Table 1:
Brazilian version of the Diabetes Quality of Life Measure (DQOL-Brazil)*.

Table 1:
Continuation.

Similar to the Nottingham Health Profile (NHP), an instrument conceived in order to detect the changes in the health of carriers of chronic diseases over time, the DQOL-Brazil did not prove to be an appropriate predictor of secondary complications of DM44. Brasil F, Souza RAP, Pontarolo R, Correr CJ. Evaluation of the quality of life in Brazilian diabetic patients: comparison between specific and generic free instruments. Int J Diabetes Dev Ctries 2015 (no prelo).. Besides that, when subjected to the factor analysis (FA), it presented a high prolixity, which compromises accuracy, being recommended the selection of the most associated items with the clinical characteristics of DM, excluding the remaining ones33. Brasil F, Pontarolo R, Correr CJ. Qualidade de vida em adultos com diabetes tipo 1 e validade do DQOL-Brasil. Rev Ciênc Farm Básica Apl 2014; 35(1): 105-12..

There is a short version of the HRQOL, which has been successfully used in the United States, the 15-item DQOL Brief Clinical Inventory. However, the optimization process, from the complete version of the HRQOL, was eminently statistical and based only on the data from the North American population55. Burroughs TE, Desikan R, Waterman BM, Gilin D, McGill J. Development and validation of the Diabetes Quality of Live Brief Clinical Inventory. Diabetes Spectr 2004; 17(1): 41-9.. Thus, its transcultural validation is not recommended, in contrast with short versions of other HRQOL instruments, such as the SF-36 and SF-12, whose optimization processes were based on theoretical concepts66. Ware JE Junior, Kosinski M, Keller SD. A 12-Item Short-Form Health Survey: construction of scales and preliminary tests of reliability and validityMed Care 1996; 34(3): 220-33..

The objective of this study was to provide, for clinical and epidemiological uses in our country, a short and quick to use instrument, developed through the selection of items in the DQOL-Brazil. The short version of the instrument must preserve the structure and refine the contents of the original scale and, yet, focus on the satisfaction of the DM patient with their treatment.

METHODS

This cross-sectional, exploratory study was conducted in two parts, with researchers approaching all diabetic patients who attended to the routine medical appointments. The first part of the study, in the period from January to May 2008, included 146 patients with type 2 DM, who were monitored by the Jardim Gabineto family Health unit (Curitiba, Paraná). The second part, between January and September 2012, consisted of 150 type 1 DM patients, who were monitored by the endocrinology service of the Hospital de Clínicas of the Federal University of Paraná (Curitiba, Paraná).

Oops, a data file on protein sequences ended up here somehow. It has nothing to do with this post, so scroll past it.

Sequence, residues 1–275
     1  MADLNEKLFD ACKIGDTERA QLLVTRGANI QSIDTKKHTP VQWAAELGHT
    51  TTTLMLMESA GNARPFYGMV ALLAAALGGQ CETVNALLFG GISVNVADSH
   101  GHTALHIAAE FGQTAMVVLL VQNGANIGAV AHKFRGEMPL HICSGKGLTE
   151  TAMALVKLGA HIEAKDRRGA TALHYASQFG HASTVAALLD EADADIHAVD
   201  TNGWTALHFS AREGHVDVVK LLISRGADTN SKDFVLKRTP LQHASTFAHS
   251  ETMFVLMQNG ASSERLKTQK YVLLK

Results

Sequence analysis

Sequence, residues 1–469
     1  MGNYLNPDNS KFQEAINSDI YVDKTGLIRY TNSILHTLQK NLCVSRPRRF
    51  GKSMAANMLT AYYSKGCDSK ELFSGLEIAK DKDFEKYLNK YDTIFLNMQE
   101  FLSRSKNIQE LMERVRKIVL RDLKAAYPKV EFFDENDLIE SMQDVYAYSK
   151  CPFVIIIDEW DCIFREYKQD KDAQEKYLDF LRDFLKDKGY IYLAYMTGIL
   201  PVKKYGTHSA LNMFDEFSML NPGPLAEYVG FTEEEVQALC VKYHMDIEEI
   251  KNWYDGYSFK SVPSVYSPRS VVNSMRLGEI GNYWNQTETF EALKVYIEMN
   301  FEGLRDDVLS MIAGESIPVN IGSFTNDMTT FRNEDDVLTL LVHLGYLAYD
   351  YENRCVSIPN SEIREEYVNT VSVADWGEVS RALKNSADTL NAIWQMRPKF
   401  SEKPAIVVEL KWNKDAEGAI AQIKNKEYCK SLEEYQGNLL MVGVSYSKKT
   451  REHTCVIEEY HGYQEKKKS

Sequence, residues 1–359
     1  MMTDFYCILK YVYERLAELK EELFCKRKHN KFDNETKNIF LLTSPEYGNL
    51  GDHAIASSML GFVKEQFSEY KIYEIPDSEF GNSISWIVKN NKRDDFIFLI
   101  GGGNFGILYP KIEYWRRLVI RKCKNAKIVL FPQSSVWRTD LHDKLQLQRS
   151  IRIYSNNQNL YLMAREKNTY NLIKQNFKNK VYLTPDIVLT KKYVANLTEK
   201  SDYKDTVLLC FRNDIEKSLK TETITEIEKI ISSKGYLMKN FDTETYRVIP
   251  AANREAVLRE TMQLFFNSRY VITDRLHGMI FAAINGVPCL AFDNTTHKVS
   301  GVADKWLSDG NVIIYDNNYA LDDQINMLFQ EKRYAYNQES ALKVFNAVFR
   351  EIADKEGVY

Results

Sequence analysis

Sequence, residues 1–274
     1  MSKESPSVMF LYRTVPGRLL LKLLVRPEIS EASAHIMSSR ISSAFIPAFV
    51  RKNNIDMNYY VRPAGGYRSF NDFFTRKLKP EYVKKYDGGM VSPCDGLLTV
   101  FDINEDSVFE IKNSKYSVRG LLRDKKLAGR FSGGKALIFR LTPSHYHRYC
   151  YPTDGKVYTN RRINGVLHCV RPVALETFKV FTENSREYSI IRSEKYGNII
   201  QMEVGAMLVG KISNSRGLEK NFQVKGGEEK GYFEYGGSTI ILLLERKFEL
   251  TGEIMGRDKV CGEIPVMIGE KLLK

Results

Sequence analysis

The inclusion of patients occurred independently from gender, as long as they were older than 18 years of age; no patient refused to take part in the study. The excluding criteria for the selection were the presence of psychiatric diagnosis (except for mood disorders), individuals who did not dose A1c within the previous three months to the application of the instruments, and pregnant or lactating women.

DQOL and NHP were used simultaneously; other variables collected were: age, gender, time of DM diagnosis, list of health problems, values of A1c within the last three months, and DM therapy. For the patients with type 2 DM, we also used the Diabetes Complications Index (DCI), a psychometric instrument used to identify secondary complications of type 2 DM and quantify its intensity77. Fincke BG, Clark JA, Linzer M, Spiro A 3rd, Miller DR, Lee A, et al. Assessment of long-term complications due to type 2 diabetes using patient self-report: the diabetes complications index. J Ambul Care Manage 2005; 28(3): 262-73.. All the instruments were self-used, and the patients were in charge of its understanding, filling them out while waiting for their appointments, in a silent and isolated location, where other people could not influence their answers; the time for filling them out varied from 20 to 40 minutes.

Both the groups of patients were gathered in the optimization process of the DQOL-Brazil, so that the short version of the instrument was validated for both the DM variables.

In order to maintain the validity of the content and the structure of the DQOL, a FA was performed, by the main components' method (MCs), with oblique rotation, in all the domains separately. It is a sine qua non condition that at least one of the items in each domain remained in the final short instrument. The number of MCs was determined by the Kaiser criterion. When extracted up to two MCs, the items that showed commonality below 0.3 were excluded. When more than two MCs in the domain were extracted, the commonality items below 0.5 were excluded88. Roberts JS, Donoghue JR, Laughlin JE. A general item response theory model for unfolding unidimensional polytomous responses. Appl Psychol Meas 2000; 24(1): 3-32..